Not necessarily. Psoriasis is one of many skin conditions that can result in red, scaly skin. For this reason, it’s important to be examined by a dermatologist or rheumatologist if you have a chronic rash or joint symptoms, respectively. Many people who go to a dermatologist for evaluation of their presumed “psoriasis” are often diagnosed with another skin condition that mimics psoriasis. These conditions include atopic dermatitis (eczema), seborrheic dermatitis (dandruff), intertrigo, fungal infections of the skin, allergic or irritation reactions in the skin, other autoimmune conditions such as lupus, and adverse drug reactions, among others. All these similar conditions can look identical to psoriasis and often require a well-trained medical professional to help determine the exact diagnosis.
6. My friend told me that my psoriasis is most likely caused by my stress or gluten in my diet. Is this true?
Since psoriasis is rarely present at birth and develops later in life (most commonly in young adulthood or around retirement age), it is understandable for people to wonder if there is an environmental cause for their condition. While increased stress or an unhealthy diet may cause worsening of your psoriasis, it is not the primary reason for your condition. As mentioned previously, psoriasis is primarily driven by your overactive immune system and inherited genes, neither of which are within your direct control. It’s important for individuals with psoriasis to understand that they are not responsible for causing their psoriasis, although lifestyle modifications or changes may be helpful in reducing the severity of their condition or symptoms. For example, people with psoriasis often notice considerable improvement in their psoriasis with increased exercise, a healthier diet (eg, low sugar, low carb, or a Mediterranean diet), and decreased levels of stress. To date; however, there is no evidence that eliminating stress and/or avoiding specific dietary components such as dairy or gluten will result in complete resolution of psoriasis with no other medical treatments.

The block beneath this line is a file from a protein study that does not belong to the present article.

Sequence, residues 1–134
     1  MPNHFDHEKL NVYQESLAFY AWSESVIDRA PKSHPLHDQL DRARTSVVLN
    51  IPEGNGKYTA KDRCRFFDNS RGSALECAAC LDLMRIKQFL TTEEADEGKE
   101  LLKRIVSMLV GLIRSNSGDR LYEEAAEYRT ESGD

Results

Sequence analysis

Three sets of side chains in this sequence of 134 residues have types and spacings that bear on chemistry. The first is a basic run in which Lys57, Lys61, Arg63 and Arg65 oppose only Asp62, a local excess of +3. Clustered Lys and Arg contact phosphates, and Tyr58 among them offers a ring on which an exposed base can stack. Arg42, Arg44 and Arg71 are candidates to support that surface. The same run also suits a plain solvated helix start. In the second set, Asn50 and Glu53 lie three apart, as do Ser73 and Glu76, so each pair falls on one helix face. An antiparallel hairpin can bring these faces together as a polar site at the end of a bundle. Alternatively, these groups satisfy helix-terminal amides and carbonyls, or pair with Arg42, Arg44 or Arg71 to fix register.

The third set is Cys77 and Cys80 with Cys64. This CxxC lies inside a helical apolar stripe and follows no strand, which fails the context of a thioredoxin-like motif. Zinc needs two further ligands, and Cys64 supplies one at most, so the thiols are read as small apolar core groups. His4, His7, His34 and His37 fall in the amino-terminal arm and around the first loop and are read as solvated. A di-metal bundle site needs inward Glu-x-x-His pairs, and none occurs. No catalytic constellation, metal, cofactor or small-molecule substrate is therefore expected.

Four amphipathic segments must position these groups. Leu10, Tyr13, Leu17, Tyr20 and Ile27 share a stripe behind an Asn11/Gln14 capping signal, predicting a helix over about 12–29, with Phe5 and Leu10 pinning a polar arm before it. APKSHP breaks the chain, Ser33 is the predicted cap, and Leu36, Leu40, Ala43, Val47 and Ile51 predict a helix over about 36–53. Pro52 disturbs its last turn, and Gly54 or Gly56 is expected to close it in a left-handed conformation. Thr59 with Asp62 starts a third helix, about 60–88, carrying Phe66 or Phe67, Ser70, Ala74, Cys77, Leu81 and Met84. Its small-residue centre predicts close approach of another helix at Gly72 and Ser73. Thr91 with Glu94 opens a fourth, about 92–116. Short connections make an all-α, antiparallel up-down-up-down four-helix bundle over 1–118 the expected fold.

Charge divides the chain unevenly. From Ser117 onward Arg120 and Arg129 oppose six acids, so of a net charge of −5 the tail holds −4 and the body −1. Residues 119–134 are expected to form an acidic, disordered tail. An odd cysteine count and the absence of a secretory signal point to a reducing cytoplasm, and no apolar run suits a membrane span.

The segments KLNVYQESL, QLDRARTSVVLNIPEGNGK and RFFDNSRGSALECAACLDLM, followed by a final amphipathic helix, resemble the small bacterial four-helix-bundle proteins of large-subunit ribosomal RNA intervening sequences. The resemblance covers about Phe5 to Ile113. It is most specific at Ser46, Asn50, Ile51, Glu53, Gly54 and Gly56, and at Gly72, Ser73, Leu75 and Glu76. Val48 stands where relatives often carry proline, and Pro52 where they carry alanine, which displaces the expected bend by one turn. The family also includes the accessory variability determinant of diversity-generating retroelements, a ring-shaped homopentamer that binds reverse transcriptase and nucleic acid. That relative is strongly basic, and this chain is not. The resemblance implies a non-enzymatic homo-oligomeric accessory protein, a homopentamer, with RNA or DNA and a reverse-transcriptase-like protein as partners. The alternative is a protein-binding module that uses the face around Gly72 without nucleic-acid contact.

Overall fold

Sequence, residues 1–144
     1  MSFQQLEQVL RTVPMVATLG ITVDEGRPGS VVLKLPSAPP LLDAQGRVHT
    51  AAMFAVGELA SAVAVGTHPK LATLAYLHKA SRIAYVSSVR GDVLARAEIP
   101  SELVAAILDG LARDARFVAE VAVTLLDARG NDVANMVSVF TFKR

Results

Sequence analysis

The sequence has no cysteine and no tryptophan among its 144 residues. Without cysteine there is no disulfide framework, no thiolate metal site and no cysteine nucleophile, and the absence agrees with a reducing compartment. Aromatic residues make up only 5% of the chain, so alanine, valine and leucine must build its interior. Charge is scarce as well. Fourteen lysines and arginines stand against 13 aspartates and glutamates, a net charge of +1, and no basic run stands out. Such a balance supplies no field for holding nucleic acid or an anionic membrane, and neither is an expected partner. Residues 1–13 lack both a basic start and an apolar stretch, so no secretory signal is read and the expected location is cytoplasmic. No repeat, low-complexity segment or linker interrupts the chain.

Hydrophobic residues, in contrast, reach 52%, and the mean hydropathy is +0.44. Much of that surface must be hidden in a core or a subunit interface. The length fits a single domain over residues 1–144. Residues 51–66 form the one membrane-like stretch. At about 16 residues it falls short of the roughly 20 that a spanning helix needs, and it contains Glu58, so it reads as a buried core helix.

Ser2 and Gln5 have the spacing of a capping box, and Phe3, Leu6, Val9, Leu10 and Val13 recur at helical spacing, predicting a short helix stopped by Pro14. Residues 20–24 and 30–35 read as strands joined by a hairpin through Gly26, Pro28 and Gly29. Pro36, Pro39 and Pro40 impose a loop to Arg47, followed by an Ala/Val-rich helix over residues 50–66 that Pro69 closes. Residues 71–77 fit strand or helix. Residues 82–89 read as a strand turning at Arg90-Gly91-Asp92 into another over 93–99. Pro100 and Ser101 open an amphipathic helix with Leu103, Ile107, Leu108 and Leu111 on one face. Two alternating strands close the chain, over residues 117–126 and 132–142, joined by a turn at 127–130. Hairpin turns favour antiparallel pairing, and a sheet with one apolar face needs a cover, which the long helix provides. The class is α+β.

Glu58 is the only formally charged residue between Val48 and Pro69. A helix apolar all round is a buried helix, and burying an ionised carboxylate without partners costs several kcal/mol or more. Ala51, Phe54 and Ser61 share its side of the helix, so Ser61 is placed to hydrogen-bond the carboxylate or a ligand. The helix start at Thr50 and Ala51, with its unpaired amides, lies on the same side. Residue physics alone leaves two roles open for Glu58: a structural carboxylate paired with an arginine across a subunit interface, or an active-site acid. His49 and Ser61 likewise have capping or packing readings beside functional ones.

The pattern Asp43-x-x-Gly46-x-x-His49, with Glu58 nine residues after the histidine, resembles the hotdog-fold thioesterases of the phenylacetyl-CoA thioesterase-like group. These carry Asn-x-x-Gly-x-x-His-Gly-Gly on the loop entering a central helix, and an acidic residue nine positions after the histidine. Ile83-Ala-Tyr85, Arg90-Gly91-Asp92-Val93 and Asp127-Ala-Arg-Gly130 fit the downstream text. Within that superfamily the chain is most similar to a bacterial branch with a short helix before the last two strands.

7. How do I know which treatment is best for my psoriasis?
The treatment of psoriasis is very complex and can be difficult to navigate on your own as a patient. This is because many highly effective medical treatments are available and often require prior approval by your insurance provider. Additionally, a specific treatment regimen used in one patient with no other medical issues may be inappropriate or even harmful in another patient with several other medical conditions (eg, cancer or pregnancy). Finally, it is imperative for your dermatologist or rheumatologist to assess several factors of your psoriasis before selecting a specific treatment, such as which body sites are affected, the extent of your psoriasis (eg, localized or widespread), your symptoms, and any ways in which your disease is interfering with your personal or work life. Talking with your medical professional about the advantages and disadvantages of the various treatments will help you choose the right psoriasis treatment for you.
8. What are some of the most common treatments used today for psoriasis?